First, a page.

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Spelling curriculum suggestions?


Jules in MI
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My son is in 2nd grade and isn't really doing much of a formal spelling program. He already spells quite well, which impresses dh and I. He taught himself to read early too, at 4yo. Anyway, HOW do we choose a spelling program? I have no idea! I've read that Spelling Power, Spelling workout and Sequential Spelling are all good...any thoughts?

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I am in the exact same situation. '2nd' grade son who happens to be a natural speller and we have never used a formal program. I just purchased Spelling Power after speaking with many moms about it. I really didn't want another 'workbook' program and after talking directly to the Rainbow Resource gals, decided to take the plunge with it! :)

I guess I am not really much of a help here other than to say after much research...this is the path I decided to choose with Spelling. I will be anxious to see how many others respond to this post.

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I put my 7 year old in the 3rd grade book last week and my 10 year olds in the 5th grade. So far, I think it is a good program. R&S teaches more than just practicing spelling words like many programs out there. It also teaches phonics. For instance, my children learned to read very young, but quickly forgot all the phonics of spelling and never got a good understanding of syllables and the different phonetic markings. This really reviews all of that in each lesson and includes some dictionary skills, too. It's broken down by 3 or 4 sections, so we do one each day and a test on Friday. I do believe we will stick to it. We tried Spelling Power, but because Spelling Power was completely teacher taught, it kept not getting done (my fault). We do better in a workbook with me overseeing it, but not having to sit with them for that subject each day.

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Spelling Power is a "list-based" program. Your child works through lists of words which are classified into groups based on spelling rules. There are no reading passages or fill-in the blanks, etc. However, they do have activity cards that supplement the program. That program does require more parental involvement than Spelling Workout. Spelling Workout is workbook oriented with traditional puzzles, fill-in the blanks, proofreading passages, etc. We are doing Book E right now (fifth grade.) Spelling Workout does introduce Latin, French. Greek roots and Prefixes, etc. starting at the 6th grade level. That is what drew me to that program. IF you are not interested in the roots portion of a spelling program and your child is a good speller, I would go with Spelling Power. Spelling Workout keeps you on one lesson with a list of 20 words for at least 3 days which can be boring if you know most of the words well. With Spelling Power you run through the lists and only spend time on the words your child doesn't know. Hope that helps.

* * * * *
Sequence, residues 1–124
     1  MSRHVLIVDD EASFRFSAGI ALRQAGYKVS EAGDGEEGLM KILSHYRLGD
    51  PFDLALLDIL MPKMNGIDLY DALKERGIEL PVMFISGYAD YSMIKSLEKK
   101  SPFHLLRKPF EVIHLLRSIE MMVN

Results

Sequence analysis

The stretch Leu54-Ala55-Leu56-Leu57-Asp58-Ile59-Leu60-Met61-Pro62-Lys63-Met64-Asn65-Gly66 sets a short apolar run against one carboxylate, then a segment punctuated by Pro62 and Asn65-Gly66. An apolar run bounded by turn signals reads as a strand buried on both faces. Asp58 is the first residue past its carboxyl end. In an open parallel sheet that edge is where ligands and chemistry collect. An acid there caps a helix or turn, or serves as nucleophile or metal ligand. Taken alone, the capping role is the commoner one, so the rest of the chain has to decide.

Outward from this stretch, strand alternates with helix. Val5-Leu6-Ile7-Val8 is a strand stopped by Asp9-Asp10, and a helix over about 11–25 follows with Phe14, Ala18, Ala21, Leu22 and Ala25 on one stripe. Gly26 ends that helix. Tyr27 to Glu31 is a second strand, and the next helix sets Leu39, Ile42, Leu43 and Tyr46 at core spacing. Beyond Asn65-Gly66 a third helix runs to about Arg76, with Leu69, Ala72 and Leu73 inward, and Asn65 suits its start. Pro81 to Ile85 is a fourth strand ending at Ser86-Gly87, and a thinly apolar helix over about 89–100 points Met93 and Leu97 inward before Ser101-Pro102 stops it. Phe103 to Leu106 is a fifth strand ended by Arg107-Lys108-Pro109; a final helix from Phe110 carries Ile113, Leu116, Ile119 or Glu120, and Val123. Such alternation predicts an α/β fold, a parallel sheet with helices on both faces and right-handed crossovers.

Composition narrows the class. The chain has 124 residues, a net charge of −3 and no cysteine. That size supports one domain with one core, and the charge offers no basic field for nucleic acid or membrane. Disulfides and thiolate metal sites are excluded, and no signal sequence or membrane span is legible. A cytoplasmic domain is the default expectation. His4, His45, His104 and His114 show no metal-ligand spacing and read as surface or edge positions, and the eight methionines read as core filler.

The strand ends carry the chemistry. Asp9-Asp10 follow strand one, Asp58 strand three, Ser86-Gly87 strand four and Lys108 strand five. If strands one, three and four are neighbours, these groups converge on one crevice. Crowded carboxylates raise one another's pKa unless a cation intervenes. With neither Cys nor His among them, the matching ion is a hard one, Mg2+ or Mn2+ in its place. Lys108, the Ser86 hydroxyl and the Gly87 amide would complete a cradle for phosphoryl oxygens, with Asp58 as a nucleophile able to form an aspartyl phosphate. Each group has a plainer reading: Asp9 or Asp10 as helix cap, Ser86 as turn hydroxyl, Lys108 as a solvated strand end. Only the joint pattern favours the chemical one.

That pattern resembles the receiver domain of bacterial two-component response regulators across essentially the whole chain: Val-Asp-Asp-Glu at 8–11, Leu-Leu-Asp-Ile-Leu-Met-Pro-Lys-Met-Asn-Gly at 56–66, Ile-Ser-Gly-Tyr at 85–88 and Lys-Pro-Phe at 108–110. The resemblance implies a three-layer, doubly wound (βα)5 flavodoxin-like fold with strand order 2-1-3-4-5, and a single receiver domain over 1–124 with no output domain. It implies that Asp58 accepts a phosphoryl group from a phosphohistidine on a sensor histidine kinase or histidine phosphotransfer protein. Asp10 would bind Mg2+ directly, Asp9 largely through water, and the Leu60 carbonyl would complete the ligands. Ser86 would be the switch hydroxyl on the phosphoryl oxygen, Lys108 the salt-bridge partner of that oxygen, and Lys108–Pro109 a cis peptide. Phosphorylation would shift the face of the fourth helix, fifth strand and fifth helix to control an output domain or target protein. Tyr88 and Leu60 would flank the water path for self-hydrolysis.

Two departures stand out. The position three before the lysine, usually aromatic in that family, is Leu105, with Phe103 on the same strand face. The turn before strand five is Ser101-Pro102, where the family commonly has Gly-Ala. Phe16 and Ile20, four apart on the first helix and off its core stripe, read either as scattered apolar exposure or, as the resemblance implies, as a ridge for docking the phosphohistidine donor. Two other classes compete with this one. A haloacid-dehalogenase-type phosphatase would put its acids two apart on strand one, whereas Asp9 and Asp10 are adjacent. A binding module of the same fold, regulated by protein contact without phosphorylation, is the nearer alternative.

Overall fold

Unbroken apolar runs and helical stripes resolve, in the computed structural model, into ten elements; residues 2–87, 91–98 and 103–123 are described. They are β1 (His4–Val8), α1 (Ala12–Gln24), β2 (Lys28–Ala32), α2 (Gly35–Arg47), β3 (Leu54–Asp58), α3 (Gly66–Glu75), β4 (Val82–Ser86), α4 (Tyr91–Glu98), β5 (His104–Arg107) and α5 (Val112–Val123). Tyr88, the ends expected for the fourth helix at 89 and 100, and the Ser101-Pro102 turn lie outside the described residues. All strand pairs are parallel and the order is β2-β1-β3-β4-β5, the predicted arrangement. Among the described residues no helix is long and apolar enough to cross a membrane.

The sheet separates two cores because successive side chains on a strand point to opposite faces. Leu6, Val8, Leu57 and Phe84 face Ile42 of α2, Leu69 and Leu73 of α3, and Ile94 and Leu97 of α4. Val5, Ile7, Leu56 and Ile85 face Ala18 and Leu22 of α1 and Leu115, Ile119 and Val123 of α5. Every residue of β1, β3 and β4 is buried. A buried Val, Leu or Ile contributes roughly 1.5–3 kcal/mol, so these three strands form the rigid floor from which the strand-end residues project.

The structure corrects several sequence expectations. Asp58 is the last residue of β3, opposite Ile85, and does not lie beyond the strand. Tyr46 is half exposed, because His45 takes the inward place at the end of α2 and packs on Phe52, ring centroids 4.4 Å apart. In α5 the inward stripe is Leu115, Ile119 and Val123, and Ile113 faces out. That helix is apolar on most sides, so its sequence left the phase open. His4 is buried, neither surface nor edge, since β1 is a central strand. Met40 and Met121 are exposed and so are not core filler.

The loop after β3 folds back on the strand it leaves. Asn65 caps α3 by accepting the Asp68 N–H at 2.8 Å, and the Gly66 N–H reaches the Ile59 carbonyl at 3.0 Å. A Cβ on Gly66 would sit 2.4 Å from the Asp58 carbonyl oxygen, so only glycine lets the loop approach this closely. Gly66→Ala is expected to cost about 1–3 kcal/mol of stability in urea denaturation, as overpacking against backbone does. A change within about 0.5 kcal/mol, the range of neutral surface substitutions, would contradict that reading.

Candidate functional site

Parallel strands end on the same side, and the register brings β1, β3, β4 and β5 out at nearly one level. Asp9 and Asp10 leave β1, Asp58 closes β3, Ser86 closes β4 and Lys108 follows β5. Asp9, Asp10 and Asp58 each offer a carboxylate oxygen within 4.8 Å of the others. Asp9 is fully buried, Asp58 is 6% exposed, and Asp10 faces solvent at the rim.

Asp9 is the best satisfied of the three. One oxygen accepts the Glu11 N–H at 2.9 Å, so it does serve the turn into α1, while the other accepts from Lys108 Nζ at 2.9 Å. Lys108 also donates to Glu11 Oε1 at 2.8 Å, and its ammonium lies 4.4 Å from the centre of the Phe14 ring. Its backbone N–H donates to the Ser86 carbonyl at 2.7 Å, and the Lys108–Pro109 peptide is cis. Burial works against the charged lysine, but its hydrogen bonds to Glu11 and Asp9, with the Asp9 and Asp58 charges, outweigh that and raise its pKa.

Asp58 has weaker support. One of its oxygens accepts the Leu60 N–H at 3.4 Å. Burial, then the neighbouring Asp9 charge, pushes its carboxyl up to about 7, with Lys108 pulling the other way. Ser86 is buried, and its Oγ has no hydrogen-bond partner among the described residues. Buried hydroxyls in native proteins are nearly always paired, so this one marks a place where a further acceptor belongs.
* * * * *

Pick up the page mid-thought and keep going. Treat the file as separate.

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I somehow want to use Spelling Wisdom as well - just not sure if it will replace SWO or supplement:

 

http://simplycharlottemason.com/books/spellingwisdom/

 

I love the idea of "beautiful and fascinating ideas from great men and women of history that encourage and motivate children as they learn to spell the words."

 

Just another idea to throw out there.

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has a large vocabulary. The words become very advanced within the first book.

 

Also I'm not sure that you would need Sequential Spelling for a good speller It teaches the basic spelling patterns through repetition. It doesn't teach the rules, unless you bring them up. It is easy and low stress, but it can become boring. Everyday you read a list of 25 words and correct them. I'm happy with SS for my ds, but he's a horrible speller.

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I'll admit that Dr Fry's Spelling Book isn't usually on the top ten list of spelling resources here. Nevertheless, it is an excellent resource if you want a simple way to use a list-based approach to teaching spelling.

 

The Spelling Book is made up of 196 lessons (one page each) with between 10 (for 1st Grade) and 20 (by 3rd Grade) words to memorize. The core of the book is based on 3000 of the most highly used words (according to American Heritage) and 100 picture nouns (which help with reading and sentence production).

 

You have permission to copy the book and each lesson is self-contained on the page with the words to memorize at the top and then various other optional things like basic phonics, sentences, variant forms etc.

 

We've enjoyed using it with our dd8 and dd6. We've scanned the book and print out pages as needed. One of the benefits of using a high-frequency word list is that it also helps with independent reading, since they are being exposed to words that occur the majority of the time.

 

Spelling book is a simple approach...do a page a week and don't worry about anything else. Because it is simple, it can't do everything other programs can (ie. it doesn't group words together based on common morphemes for example), but what it does do, it does very well.

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